This double-headed snake is a unique find for herpetology

The herpetology laboratory at the University of Nebraska-Lincoln has been lucky enough to find a very special two-headed snake

This newborn two-headed striped snake was discovered by a neighbor while clearing brush near his lab. “I picked up a log and I wasn’t too surprised to see two little snakes, but then I realized they weren’t going very far because there were two heads,” he said.

Once Marshall realized it was a two-headed snake, he put it in a jar and contacted a local conservationist. The call led him to Dennis Ferraro, a practical assistant professor of herpetology at the University of Nebraska-Lincoln, who happened to be doing fieldwork at the station in nearby Cedar Point. Ferraro was able to recover the snake the following day. According to Ferraro, the snake is so rare that only one in 100,000 is born.

It has two necks, which means that neither will become dominant.

Ferraro said this is only the second time he has had a two-headed snake in his lab, which he has run for more than 20 years. What makes this snake even more unique is that the split heads extend beyond the necks.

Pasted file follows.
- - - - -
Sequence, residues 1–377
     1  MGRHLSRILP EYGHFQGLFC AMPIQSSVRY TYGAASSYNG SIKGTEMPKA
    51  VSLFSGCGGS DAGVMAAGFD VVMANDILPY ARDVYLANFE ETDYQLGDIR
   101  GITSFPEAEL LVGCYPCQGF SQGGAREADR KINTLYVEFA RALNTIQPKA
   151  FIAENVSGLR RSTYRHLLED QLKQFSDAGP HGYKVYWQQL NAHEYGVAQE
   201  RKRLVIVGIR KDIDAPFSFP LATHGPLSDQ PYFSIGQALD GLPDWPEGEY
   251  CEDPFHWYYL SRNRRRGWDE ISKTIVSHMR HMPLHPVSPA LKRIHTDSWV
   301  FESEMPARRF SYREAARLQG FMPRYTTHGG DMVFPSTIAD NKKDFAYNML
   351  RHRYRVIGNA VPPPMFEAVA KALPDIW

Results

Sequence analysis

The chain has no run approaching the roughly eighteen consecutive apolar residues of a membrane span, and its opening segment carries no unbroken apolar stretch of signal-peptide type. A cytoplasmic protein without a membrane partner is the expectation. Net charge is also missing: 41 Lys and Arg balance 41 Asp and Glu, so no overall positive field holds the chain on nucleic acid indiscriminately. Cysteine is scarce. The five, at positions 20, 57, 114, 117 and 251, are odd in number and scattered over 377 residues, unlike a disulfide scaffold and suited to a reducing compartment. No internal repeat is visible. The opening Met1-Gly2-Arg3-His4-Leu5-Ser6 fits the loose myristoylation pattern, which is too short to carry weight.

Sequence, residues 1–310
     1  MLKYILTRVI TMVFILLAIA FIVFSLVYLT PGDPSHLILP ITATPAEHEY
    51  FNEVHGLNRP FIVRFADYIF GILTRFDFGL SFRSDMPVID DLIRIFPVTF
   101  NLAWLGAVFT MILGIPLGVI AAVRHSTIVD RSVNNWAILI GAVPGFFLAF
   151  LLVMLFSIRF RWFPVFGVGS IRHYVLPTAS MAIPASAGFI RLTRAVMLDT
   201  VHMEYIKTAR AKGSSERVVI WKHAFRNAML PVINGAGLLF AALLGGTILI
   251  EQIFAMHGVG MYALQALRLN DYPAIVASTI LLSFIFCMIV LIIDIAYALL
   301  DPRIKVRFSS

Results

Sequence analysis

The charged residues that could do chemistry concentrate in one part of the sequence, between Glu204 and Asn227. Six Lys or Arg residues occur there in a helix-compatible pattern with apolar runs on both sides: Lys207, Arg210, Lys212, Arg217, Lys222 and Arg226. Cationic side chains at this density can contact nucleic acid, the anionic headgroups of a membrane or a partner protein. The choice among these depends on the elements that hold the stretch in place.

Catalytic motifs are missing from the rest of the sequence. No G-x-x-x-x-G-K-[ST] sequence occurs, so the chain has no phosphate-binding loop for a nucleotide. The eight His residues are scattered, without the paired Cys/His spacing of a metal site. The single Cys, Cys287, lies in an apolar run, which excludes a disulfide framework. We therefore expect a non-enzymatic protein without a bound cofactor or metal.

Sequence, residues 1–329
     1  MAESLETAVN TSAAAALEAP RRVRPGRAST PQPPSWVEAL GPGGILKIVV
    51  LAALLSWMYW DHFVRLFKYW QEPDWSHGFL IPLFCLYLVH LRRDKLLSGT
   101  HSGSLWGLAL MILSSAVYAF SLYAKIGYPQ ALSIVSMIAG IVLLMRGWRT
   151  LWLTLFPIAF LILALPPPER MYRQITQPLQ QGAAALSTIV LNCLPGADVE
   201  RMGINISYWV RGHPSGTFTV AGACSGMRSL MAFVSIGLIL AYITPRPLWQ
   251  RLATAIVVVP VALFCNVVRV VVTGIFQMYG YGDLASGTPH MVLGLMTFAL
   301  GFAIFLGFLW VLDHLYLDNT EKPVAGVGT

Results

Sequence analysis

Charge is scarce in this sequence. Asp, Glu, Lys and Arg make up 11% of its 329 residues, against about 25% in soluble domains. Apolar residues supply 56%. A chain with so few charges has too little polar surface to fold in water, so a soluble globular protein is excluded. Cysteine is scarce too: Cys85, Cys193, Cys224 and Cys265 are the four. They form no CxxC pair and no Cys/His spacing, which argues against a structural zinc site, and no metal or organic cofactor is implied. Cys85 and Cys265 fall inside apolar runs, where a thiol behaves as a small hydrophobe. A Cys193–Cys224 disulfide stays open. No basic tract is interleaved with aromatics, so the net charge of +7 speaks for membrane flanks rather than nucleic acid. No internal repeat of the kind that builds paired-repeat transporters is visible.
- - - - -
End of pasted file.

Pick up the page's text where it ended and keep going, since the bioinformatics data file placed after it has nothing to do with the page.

“Normally when snakes have two heads, one of them takes over,” Ferraro said. “This one has two necks, which means neither will become dominant. The two heads work independently and eat independently. This would have made it difficult for them to survive in the wild.”

There is also at least a centimeter of backbone connected to each head, before it merges into one. Although the newborn is still too small for X-rays, Ferraro plans to care for her until she is old enough for more advanced tests.

According to Ferraro, genetic mutations are common in water snakes, which has probably caused this phenomenon. The researcher is interested in finding out how his neurology works, how he has survived so long, and whether he will be able to survive with both heads.

Ferraro has spent decades pursuing his passion for wildlife conservation in Nebraska. He spends his time traveling and studying species and contributing to conservation efforts, educating state residents about animals, especially the ones people often fear. His lab houses a pair of every amphibian, turtle, and reptile native to Nebraska.

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This double-headed snake is a unique find for herpetology